“You’re from Dayton, Ohio?” the doctor asked me.
“Yes, we lived there for 18 years.”
The pulmonologist glanced back at the computer monitor, turned back to me and said, “So there’s this condition called histoplasmosis.”
He explained that histoplasmosis is an infection caused by a fungus called Histoplasma. The fungus lives in the environment, particularly in soil that contains large amounts of bird or bat droppings. It’s most commonly found in areas surrounding the Ohio and Mississippi River valleys. This condition may lie dormant for years.
“Really? I was an avid gardener, and we had bats in our yard. Is it serious?”
“Not always, depends on how far it’s progressed. The good news is that it doesn’t look like your lung nodules are cancerous, but let’s redo this scan in three months to see exactly what’s going on.”
Walking to my car, I think “Probably not cancer is really good, but I don’t think that histoplasmosis is really great.”
For 18 years, I spent every spring and summer digging and planting and pruning and cultivating. Around the middle of the month of March, I would wonder if the nursery down the street had begun planting the little seedlings that I would buy just a few months later. I lived and breathed gardening. Literally breathed it. I would say to my family, “Don’t you love the smell of fresh dirt?” Their typical response was an eye roll. Who knew that I could contract a fungal disease from beautifying my yard? Who knew? God knew.
Three months later, I’m sitting in the same cold room, in the same hard chair, waiting for the doctor to review the results of the lung scan that I had moments earlier.
“Hello, hello!” he says as he opens the door. “Okay, let’s take a look.” He pulls his chair up to the desk. “So, the largest nodule has decreased in size and the others haven’t increased. These nodules are too small to biopsy. Let’s do a recheck in six months.”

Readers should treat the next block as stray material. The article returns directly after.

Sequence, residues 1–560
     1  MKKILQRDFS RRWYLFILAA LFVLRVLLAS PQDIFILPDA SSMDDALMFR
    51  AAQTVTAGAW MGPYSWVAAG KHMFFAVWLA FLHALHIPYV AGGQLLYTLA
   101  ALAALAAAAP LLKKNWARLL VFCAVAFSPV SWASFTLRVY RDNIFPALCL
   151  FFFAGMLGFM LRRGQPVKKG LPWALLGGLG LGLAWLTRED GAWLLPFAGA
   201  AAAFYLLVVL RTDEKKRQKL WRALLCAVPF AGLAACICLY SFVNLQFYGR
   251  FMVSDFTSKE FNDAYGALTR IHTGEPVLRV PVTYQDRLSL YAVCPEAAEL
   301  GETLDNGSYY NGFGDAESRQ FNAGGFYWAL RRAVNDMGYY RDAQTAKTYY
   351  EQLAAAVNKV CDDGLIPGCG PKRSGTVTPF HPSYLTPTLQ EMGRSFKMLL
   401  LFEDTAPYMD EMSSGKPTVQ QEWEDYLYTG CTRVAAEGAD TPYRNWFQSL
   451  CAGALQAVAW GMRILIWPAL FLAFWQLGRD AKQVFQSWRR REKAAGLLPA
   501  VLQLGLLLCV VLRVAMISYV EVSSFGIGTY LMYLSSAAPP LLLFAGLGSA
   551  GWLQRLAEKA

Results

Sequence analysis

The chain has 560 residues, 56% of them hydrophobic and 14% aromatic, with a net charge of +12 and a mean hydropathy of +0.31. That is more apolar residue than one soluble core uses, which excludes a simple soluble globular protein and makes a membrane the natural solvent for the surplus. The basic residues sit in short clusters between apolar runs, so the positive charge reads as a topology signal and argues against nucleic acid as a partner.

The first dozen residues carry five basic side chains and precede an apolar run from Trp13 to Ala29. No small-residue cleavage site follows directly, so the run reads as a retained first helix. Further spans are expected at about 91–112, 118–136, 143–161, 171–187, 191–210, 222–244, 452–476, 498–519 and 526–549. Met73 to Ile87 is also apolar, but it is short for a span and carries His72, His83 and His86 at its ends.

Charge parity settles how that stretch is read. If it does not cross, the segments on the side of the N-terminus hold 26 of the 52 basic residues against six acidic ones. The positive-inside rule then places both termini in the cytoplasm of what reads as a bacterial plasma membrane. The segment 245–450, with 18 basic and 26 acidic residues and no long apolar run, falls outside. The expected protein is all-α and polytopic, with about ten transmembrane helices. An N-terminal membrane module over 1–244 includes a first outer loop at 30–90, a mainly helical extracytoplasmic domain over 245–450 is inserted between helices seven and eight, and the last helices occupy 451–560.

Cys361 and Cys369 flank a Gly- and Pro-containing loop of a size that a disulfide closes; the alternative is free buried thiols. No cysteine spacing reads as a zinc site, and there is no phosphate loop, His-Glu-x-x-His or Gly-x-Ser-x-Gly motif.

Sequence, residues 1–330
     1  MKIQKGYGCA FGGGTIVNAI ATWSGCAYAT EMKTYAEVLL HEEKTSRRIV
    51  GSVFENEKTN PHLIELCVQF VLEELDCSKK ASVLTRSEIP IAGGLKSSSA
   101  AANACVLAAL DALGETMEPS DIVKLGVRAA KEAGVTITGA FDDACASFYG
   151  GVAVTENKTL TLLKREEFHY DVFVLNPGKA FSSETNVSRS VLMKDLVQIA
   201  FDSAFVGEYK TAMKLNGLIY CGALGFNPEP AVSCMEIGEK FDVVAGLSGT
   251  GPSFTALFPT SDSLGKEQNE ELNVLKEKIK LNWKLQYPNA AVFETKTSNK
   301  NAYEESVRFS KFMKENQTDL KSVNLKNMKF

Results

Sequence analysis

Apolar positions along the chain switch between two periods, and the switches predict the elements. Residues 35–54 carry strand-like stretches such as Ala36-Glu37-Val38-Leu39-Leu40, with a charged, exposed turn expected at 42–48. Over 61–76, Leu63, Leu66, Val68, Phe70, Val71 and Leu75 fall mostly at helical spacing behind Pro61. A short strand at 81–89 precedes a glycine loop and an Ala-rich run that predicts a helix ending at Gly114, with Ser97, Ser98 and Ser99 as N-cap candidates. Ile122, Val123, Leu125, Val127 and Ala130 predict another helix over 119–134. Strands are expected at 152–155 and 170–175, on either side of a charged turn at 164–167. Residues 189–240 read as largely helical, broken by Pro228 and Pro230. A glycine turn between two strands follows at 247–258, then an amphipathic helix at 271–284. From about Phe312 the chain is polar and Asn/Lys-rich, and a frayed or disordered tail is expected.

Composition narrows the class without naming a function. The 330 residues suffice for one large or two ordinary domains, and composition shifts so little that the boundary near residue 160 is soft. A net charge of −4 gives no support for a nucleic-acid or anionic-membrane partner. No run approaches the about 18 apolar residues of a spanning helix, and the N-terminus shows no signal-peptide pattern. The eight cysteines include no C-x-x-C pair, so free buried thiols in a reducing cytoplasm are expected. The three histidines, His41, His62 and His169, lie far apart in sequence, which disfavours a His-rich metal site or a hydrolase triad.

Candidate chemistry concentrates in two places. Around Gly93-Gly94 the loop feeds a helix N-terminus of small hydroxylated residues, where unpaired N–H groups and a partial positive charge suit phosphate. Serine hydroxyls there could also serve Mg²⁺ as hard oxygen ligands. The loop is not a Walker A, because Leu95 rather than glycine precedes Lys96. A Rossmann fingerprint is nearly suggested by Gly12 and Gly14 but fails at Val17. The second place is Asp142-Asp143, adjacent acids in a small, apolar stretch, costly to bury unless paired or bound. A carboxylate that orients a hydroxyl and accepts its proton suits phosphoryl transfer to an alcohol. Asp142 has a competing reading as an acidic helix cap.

“That’s great news, but what about the histoplasmosis?” I anxiously ask.
“No need to worry about that. There is no evidence of it. Make an appointment to come back in December.” We fist bump, and I followed the red exit signs to the elevator.
Before even reaching my car, I texted my family, “Praise God! I’m clear for six months! No cancer and no histoplasmosis!”
How many times has God saved us from seen and unseen issues?
How many times have we left a few minutes late, which may have caused us to avoid an accident? Maybe the job we didn’t get was because an employee of the firm wouldn’t be a good influence on us. What about the day I was running late and I smelled the potent smell of natural gas in our garage? Could all of these examples be possible times that God saved us from harm?
A resounding yes!
The psalmist wrote about this subject in Psalm 121 so much more eloquently than I could ever attempt:
“I will lift up mine eyes unto the hills, from whence cometh my help. My help cometh from the Lord, which made heaven and earth. He will not suffer thy foot to be moved: he that keepeth thee will not slumber. Behold, he that keepeth Israel shall neither slumber nor sleep. The Lord is thy keeper: the Lord is thy shade upon thy right hand. The sun shall not smite thee by day, nor the moon by night. The Lord shall preserve thy going out and thy coming in from this time forth, and even for evermore.”
The Lord is our keeper even when we don’t know what we’re being kept from. Just like we were reminded of in our recent GMBA Camp-In, we are Surrounded by God and His goodness. As you listen to this song “Shoulders” by For King & Country may you be blessed with memories of the times that the Lord has helped you.
This article has undergone ministry review and approval.